As seen in this video, a silverback gorilla named Ambam at the Port Lympne Wild Animal Park in the U.K. likes walking upright. Zookeepers say he does it to see over his confine’s walls, and to carry large amounts of food. Life's Little Mysteries asked Kevin Hunt, anthropologist at Indiana University and director of the Human Origins and Primate Evolution Lab, if Ambam's bipedal behavior is surprising.

"It's not unusual for chimps and gorillas to stand up, but they don't usually walk very far," he told us. "If this gorilla was a pet when he was young, he may have learned to walk upright to sort of copy the humans around him."

Apparently, Ambam's father walked on two legs a lot, too. Hunt says Ambam's father could have started life as a pet and learned to be bipedal, then Ambam could have learned the behavior from him. "Or it could be a weird personality quirk that he inherited genetically," Hunt adds.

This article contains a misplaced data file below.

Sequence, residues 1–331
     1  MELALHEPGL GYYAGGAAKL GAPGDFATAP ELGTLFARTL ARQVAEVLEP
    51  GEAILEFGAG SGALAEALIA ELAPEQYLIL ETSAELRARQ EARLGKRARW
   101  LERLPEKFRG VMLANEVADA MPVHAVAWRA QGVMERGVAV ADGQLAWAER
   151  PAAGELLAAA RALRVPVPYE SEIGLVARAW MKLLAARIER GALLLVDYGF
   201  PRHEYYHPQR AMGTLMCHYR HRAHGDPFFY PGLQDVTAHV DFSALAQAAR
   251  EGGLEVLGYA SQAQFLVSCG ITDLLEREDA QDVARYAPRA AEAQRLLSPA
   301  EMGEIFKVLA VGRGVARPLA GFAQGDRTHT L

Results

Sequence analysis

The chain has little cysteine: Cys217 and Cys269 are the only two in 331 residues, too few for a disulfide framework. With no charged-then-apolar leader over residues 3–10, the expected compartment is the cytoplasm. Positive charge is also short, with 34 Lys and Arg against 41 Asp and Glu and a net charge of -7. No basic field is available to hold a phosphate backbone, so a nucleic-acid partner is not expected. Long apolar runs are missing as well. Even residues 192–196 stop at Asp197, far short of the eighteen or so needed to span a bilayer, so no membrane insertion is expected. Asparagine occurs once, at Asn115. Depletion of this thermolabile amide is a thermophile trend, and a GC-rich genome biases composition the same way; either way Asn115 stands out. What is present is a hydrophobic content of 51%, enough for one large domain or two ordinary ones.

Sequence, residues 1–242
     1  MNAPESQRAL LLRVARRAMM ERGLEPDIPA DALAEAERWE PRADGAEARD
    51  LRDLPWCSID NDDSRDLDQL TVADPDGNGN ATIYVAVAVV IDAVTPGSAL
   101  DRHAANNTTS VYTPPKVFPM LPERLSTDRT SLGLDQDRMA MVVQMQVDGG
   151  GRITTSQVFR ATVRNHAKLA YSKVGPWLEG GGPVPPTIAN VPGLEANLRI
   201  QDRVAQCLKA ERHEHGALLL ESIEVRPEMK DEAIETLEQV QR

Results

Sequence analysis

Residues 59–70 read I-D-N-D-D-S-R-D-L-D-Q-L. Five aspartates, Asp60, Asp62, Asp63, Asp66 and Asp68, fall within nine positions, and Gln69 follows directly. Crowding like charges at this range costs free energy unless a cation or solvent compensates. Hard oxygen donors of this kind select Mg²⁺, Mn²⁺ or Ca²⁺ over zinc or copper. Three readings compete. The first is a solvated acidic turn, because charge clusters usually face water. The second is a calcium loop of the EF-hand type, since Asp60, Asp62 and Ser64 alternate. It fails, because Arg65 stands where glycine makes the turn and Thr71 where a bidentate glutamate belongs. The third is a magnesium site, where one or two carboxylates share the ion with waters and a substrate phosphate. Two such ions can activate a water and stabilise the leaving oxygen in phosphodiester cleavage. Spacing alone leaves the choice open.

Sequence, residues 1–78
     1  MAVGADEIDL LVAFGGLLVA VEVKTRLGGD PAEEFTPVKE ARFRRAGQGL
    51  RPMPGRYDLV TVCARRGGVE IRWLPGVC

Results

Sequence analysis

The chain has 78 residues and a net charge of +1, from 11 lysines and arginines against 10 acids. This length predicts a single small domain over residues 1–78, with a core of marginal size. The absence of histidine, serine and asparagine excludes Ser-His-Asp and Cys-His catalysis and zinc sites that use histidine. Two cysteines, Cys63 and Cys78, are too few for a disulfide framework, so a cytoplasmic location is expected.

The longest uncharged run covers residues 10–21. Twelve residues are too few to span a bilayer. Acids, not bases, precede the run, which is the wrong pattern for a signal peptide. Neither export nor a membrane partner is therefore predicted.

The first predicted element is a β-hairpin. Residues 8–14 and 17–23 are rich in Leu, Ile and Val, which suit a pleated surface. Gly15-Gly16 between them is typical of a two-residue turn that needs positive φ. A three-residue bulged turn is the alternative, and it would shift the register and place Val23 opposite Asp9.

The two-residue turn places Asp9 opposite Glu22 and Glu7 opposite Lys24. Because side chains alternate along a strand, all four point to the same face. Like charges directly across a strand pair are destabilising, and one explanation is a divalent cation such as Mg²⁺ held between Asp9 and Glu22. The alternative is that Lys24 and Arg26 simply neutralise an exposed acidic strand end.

Ambam's behavior—and ape bipedalism in general—may shed light on the evolution of bipedalism in humans' ancestors. "There's a lot of argument about why we evolved to be bipedal, but I advocate a hypothesis that it's related to food-gathering rather than looking over things," Hunt says.

"Chimps are fruit eaters. You could imagine chimps millions of years ago that were around small trees where they could reach fruits by standing on the ground and reaching up," Hunt says. "I observed chimps doing this in Gambia."

"But there's also a hypothesis that we first stood up to see over things like tall grass." This follows from the hypothesis that hominins first evolved in a grassy woodland regions in East Africa.

Ambam's zookeepers say he stands up in order to carry food in his arms as well as to look over walls, so perhaps he provides evidence in favor of both hypotheses about the evolution of bipedalism.

This article was provided by Life's Little Mysteries, a sister site to LiveScience.